Populations trust in the child protection system: A cross-country comparison of nine high-income jurisdictions

Marit Skivenes, Rami Benbenishty

    Research output: Contribution to journalArticlepeer-review

    5 Citations (Scopus)


    In this study, we examine the trust placed by the populations of nine jurisdictions in their child protection systems. These systems protect children’s rights and grant authority for invasive interventions to curtail or even terminate parental rights and responsibilities. We have representative samples of the populations of each jurisdiction. The results show that about 40–50% of respondents express trust in the child protection agencies, social workers and judges who make decisions. There are clear differences between jurisdictions, with the Anglo-American countries at the lower end of the trust scale. Examining the impact of institutional context, we find that institutional context matters for the degree of peoples’ trust in the child protection system. This indicates that the typology of child protection systems has relevance, and more empirical studies are encouraged. Some demographic characteristics (age, having children, income, education) and ideological variables (political orientation) are also correlated with trust levels.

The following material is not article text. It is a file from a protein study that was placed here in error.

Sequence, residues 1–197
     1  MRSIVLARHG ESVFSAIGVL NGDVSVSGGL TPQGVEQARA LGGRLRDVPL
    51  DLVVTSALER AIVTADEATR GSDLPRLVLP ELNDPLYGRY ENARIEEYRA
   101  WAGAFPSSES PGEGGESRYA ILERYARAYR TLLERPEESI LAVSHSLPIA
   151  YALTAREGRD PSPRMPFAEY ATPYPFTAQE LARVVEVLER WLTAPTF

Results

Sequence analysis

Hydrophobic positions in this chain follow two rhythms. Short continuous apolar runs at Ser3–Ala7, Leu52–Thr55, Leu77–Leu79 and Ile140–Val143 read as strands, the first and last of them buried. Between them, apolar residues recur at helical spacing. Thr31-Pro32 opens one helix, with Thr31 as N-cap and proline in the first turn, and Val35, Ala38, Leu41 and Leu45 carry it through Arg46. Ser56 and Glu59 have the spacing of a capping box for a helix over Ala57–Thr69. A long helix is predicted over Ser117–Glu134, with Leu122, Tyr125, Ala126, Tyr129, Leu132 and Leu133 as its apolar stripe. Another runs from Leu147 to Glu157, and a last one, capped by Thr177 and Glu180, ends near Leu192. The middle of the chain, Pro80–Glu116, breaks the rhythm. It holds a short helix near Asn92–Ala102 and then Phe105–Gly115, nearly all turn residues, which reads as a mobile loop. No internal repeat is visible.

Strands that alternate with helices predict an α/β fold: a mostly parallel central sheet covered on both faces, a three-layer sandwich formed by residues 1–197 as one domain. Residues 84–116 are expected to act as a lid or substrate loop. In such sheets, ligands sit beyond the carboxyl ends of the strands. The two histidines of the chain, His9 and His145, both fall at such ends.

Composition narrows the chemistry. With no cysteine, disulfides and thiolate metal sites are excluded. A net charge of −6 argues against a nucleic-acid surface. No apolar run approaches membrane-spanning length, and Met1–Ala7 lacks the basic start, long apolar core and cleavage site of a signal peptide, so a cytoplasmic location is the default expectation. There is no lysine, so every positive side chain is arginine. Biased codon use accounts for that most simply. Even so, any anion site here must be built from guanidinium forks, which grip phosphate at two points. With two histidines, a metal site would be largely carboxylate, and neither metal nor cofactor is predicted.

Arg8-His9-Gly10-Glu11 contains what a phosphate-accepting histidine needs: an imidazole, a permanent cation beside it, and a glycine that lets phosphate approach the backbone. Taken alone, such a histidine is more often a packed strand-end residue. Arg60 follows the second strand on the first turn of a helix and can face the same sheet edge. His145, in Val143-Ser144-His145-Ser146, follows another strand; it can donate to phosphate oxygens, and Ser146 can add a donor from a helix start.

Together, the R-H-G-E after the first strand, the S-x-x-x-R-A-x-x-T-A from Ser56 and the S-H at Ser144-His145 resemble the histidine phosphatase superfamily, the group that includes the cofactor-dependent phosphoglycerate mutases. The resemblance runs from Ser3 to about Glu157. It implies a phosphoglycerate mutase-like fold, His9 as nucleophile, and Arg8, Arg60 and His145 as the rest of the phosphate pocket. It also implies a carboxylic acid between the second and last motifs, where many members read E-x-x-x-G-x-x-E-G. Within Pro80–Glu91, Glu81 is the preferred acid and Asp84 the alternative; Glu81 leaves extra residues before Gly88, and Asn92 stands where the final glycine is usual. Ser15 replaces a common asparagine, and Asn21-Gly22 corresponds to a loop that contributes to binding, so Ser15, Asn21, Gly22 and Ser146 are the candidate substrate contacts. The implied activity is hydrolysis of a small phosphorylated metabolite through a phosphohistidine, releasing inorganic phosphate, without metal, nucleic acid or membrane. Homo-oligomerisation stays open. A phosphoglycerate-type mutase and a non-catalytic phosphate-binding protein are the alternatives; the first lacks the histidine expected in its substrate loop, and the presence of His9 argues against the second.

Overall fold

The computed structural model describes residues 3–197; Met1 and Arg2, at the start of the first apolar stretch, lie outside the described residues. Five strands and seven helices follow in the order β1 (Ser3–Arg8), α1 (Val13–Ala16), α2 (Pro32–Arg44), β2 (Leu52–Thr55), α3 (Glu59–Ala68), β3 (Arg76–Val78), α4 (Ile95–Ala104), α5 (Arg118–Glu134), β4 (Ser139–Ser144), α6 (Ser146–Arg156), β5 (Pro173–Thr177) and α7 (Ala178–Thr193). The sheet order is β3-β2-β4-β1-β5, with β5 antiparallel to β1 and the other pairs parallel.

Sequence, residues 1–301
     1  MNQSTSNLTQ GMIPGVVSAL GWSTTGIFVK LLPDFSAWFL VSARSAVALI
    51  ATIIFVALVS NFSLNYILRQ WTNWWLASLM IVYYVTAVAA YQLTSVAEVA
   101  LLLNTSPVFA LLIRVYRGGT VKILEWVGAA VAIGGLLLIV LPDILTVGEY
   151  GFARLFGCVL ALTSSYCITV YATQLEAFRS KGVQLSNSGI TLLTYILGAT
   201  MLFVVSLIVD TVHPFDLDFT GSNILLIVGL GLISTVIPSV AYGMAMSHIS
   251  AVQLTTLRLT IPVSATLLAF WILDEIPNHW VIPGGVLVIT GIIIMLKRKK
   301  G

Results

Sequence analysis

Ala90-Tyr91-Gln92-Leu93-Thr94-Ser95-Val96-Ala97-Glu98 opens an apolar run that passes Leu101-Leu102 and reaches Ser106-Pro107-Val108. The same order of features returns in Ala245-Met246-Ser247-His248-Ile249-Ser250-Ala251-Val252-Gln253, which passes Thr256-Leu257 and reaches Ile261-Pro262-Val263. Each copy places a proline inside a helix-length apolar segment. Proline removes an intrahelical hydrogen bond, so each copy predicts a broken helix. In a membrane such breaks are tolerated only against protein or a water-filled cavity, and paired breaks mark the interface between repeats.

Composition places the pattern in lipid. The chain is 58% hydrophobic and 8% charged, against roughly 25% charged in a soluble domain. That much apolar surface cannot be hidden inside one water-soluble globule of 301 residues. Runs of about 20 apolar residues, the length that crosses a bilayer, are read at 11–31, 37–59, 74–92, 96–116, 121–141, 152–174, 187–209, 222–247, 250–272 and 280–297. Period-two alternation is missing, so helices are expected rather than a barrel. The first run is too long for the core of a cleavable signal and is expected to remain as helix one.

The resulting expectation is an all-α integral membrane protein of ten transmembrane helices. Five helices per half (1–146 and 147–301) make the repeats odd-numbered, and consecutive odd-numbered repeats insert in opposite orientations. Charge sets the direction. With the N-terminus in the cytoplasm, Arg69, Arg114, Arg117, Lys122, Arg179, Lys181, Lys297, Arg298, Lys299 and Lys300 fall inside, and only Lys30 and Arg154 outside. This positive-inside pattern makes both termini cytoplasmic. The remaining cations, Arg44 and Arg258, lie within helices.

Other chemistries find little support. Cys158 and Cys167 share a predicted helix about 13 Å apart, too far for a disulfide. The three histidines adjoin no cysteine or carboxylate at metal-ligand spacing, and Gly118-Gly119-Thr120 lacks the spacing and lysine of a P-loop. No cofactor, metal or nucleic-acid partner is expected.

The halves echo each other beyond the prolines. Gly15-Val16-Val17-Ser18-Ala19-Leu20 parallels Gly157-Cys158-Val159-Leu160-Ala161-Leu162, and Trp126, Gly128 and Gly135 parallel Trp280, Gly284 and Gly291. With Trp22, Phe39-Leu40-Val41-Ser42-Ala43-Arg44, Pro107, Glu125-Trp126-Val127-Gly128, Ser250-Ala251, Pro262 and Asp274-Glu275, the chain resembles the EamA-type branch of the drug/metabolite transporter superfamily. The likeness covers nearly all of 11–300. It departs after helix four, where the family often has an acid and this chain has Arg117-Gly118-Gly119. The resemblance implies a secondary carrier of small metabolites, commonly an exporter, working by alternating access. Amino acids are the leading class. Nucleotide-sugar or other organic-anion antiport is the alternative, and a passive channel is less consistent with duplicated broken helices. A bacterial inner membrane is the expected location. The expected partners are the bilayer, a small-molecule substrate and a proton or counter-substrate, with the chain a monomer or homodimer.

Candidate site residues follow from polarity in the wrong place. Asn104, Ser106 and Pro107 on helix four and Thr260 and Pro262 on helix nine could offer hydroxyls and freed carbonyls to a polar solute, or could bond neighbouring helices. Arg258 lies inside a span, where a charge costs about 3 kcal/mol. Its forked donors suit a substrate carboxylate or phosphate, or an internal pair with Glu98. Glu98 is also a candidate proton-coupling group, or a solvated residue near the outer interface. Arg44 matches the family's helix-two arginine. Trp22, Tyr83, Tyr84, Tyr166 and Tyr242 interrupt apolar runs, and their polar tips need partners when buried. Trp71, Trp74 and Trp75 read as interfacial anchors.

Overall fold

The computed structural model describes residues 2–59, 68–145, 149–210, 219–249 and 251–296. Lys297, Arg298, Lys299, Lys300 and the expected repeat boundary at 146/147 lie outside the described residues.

Original languageEnglish
    Pages (from-to)422-435
    Number of pages14
    JournalJournal of European Social Policy
    Issue number4
    Publication statusAccepted/In press - 2022


    • child protection system
    • confidence
    • cross country
    • institutional context
    • population

    ASJC Scopus subject areas

    • Social Sciences(all)
    • Management, Monitoring, Policy and Law


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